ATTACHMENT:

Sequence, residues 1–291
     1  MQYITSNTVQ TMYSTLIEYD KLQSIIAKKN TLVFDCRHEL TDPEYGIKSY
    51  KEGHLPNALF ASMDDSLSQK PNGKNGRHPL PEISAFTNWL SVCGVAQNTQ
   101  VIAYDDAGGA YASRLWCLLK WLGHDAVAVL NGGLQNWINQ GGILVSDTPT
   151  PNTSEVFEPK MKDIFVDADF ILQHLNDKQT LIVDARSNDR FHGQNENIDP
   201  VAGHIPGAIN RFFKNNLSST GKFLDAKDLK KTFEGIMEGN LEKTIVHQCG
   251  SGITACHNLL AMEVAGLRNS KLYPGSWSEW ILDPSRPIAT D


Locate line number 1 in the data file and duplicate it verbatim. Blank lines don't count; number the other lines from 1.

Sequence, residues 1–291